Tag: Donald Trump

Parsing the Trump Indictment


The headlines are consumed with the multiple lawsuits against Donald Trump for the misdeeds that he allegedly—I use the term cautiously—committed both in and out of office. By far the most serious of these cases is the indictment brought by special prosecutor Jack Smith against Trump for his efforts to overturn the results of the 2020 presidential election.

The attacks against these cases move along two parallel tracks. The political track is that Trump is the victim of a political ambush that began with the Steele dossier and continued with the Mueller investigation, followed by two dubious impeachments. In other words, they are efforts to discredit him in the eyes of the voters. Yet at the same time, goes the argument, Hillary Clinton and Joe Biden (with son Hunter in tow) receive kid-gloves treatment for crimes of equal or greater magnitude. Trump’s ability to maintain his standing in the polls stems from the conviction of his supporters that the motives of his accusers matter far more than the guilt or innocence of his actions. So the worse the case looks, the more hysterical Trump’s denunciations of Smith, the stronger his support.

But there is also the legal side to contend with, and here Trump also has defenders of the legality (or at least non-criminality) of his actions. Alan Dershowitz, one of his unhappy defenders, refers to Trump’s “inexcusable, but in [his] view constitutionally protected, role in the terrible events of January 6.” I agree with Dershowitz on the first part of the charge but disagree with him on the second. Even by the high standard associated with prosecutions, the core of this case falls, to use the now common phrase invoked by David Rivkin and Lee Casey, outside “the outer perimeter of his official responsibility.” And the actions here are so far beyond that line that none of the possible defenses seems credible as a matter of law.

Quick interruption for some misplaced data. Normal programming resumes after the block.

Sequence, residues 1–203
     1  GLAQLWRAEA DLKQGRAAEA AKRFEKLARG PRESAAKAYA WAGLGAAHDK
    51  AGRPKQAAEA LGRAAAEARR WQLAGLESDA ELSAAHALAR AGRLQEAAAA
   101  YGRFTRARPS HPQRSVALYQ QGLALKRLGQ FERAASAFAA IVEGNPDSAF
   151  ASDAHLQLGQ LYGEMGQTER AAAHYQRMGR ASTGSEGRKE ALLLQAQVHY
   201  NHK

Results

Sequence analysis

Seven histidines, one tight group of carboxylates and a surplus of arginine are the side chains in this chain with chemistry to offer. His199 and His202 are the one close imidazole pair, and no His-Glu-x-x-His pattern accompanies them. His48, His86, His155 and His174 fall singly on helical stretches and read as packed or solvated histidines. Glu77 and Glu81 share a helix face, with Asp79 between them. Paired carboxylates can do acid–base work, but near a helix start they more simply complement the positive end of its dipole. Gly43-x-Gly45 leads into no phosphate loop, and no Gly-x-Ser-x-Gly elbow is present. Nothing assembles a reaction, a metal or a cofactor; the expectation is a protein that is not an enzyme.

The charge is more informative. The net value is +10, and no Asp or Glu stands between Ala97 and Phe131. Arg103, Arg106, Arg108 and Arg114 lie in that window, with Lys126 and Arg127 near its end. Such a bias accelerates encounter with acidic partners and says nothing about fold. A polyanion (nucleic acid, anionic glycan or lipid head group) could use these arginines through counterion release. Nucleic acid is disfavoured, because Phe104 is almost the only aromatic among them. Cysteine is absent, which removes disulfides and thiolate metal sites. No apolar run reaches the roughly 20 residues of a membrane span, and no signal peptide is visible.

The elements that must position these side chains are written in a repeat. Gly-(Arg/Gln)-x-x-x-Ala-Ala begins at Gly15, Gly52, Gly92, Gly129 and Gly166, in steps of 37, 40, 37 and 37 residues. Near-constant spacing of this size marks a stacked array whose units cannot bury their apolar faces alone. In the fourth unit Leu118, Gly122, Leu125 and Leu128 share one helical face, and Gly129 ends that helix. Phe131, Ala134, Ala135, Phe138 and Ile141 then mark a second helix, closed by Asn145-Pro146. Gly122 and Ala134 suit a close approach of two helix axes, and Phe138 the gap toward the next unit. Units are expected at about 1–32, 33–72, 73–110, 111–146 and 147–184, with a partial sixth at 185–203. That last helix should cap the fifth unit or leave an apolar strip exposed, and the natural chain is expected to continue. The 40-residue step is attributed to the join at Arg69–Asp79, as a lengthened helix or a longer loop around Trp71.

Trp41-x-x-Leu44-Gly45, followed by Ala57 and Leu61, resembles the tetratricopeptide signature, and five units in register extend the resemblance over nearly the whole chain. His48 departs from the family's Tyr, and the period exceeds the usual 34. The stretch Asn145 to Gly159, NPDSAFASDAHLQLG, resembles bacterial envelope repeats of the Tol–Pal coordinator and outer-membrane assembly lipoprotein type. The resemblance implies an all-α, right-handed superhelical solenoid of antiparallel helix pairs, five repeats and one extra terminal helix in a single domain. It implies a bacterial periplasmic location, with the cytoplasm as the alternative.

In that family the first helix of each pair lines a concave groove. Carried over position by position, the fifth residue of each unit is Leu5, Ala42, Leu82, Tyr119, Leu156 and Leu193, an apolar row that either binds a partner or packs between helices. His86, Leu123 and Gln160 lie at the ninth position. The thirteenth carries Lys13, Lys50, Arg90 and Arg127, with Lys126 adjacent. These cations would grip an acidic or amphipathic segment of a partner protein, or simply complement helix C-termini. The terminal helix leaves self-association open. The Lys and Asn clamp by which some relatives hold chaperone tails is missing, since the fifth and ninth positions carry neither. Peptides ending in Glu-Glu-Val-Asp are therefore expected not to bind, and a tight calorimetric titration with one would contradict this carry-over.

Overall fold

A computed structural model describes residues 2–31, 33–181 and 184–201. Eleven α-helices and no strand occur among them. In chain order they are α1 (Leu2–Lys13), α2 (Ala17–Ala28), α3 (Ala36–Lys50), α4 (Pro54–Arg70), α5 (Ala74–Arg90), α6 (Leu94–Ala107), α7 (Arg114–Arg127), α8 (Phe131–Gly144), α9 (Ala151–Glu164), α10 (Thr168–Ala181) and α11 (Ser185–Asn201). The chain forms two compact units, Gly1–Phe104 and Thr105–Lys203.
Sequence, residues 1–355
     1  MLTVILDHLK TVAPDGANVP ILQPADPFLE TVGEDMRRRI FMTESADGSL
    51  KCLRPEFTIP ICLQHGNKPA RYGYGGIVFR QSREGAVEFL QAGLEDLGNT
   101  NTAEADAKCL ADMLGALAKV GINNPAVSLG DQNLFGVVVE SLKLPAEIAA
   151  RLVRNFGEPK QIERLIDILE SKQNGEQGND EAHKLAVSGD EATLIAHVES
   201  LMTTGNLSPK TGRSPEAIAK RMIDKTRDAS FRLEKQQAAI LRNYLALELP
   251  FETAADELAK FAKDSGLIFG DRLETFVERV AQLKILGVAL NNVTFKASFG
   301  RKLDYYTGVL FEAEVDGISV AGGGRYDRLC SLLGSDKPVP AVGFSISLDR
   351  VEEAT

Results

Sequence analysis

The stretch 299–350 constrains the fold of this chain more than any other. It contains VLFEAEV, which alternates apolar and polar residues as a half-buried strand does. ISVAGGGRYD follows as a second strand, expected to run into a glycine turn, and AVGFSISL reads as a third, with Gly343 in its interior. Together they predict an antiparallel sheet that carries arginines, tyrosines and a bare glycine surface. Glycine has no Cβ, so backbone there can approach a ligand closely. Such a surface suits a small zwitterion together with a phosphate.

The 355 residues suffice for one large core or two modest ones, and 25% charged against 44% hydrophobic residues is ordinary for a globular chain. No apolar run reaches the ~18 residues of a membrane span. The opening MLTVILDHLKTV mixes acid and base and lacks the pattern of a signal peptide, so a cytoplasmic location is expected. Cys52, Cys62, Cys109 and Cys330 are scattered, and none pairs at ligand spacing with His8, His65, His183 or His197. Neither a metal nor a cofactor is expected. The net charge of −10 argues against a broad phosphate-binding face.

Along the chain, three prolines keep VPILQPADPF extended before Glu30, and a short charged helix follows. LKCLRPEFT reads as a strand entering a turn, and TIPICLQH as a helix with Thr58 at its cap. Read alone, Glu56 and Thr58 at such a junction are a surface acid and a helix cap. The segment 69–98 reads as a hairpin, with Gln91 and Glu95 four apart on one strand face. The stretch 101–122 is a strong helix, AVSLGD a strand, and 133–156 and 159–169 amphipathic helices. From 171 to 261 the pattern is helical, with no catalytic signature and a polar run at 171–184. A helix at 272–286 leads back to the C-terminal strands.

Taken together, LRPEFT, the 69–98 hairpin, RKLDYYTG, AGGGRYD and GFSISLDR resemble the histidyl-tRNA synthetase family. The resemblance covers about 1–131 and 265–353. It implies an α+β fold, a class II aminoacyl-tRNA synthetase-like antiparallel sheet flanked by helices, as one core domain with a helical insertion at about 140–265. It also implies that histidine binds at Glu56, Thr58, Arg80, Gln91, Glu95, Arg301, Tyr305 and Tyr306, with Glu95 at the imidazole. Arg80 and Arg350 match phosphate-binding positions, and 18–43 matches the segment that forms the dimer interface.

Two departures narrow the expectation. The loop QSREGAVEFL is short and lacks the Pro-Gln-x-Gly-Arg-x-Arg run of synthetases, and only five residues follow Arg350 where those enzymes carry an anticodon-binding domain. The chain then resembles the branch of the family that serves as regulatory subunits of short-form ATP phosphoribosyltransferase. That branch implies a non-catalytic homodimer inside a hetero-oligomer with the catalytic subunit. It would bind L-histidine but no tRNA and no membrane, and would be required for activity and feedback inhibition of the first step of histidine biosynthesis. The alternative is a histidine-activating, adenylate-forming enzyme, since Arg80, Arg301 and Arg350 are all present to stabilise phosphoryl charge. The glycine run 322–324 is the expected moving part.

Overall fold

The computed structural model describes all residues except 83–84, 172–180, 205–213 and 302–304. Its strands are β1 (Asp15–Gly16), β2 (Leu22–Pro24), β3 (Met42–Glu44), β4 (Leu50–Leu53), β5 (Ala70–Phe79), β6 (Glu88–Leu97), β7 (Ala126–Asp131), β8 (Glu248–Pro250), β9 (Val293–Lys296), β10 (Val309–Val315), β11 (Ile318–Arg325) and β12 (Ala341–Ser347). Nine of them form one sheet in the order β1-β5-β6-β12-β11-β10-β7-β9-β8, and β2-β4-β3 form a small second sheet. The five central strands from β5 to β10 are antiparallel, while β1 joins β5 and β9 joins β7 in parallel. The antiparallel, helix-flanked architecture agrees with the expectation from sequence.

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On January 20, 2017, in an episode of the Ricochet Podcast recorded mere minutes after Donald Trump took office, Jay Nordlinger stated that Trump’s inaugural speech was “disgusting” and reminded him of a “beer hall putsch.” In other words, Trump is Hitler™. It’s not a nuanced or smart take, but it’s all Jay Nordlinger could […]

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Trump’s 5-Point Plan to DeStroy DeSantis Has Little Chance


Axios reported the hot scoop that Donald Trump doesn’t much care for Ron DeSantis. After endorsing Florida’s two-term governor in 2018, Don’s taken all responsibility for Ron’s landslide re-election — despite Trump’s inability to pull off his own.

The piece includes Trump’s super-secret five-point plan to deep-six Meatball Ron DeSanctimonius once and for all. (If only Trump had a plan to defeat Biden.) Anyway, here’s the strategy:

  1. DeSantis’ past support for changes to Social Security and Medicare, including votes as a U.S. congressman to raise the eligibility age for Medicare.
  2. Disloyalty to Trump after he helped DeSantis get elected governor in 2018. Trump also plans to pound DeSantis on likability.
  3. Trump wants to cast DeSantis as a lackey of former House Speaker Paul Ryan. On Trump’s social-media site, Truth Social, he attacked Ryan this week as a loser who “couldn’t get elected dogcatcher,” and said he should resign or be fired as a Fox Corp. board member.
  4. DeSantis’ response to COVID is a top Trump target, even though the governor is known for resisting mask mandates. Trump plans to attack DeSantis’ caution in the earliest days of the pandemic — and try to fight the issue to a draw. A March 2020 headline in the Tampa Bay Times said: “DeSantis orders major shutdown of beaches, businesses in Broward, Palm Beach.” (DeSantis pushesbackonthis.)
  5. DeSantis took heat for muddled comments, in a Fox News interview last week, about whether to maintain financial and military support for Ukraine. Trump plans to portray DeSantis as wishy-washy on the war, while he toes the MAGA line of cutting aid.

Eh, I don’t see it working. Let’s go through them one by one.

In this episode, Dave sits down with Brian Rust, the host of Panama City Beach and Bay County’s most listened to talk show, The Brian Rust Show on News Talk@101FM. On the air weekdays from 5 – 8AM, Brian not only has a finely tuned sense of voter temperament, but he has the attention of the 2nd Congressional District’s Representative, among others. As the conversation progresses, Dave and Brian discuss the impact of President Biden’s economic prescriptions on voters in the Florida panhandle and across the country.   There’s more to the conversation, including Brian’s diagnosis of the GOP’s electoral prospects in the future.  

From Dave’s perspective on current events, to a fascinating discussion with one talk radio’s brightest lights, to some new plans for Dave’s podcast, this is a fast-paced and compelling show that you won’t want to miss.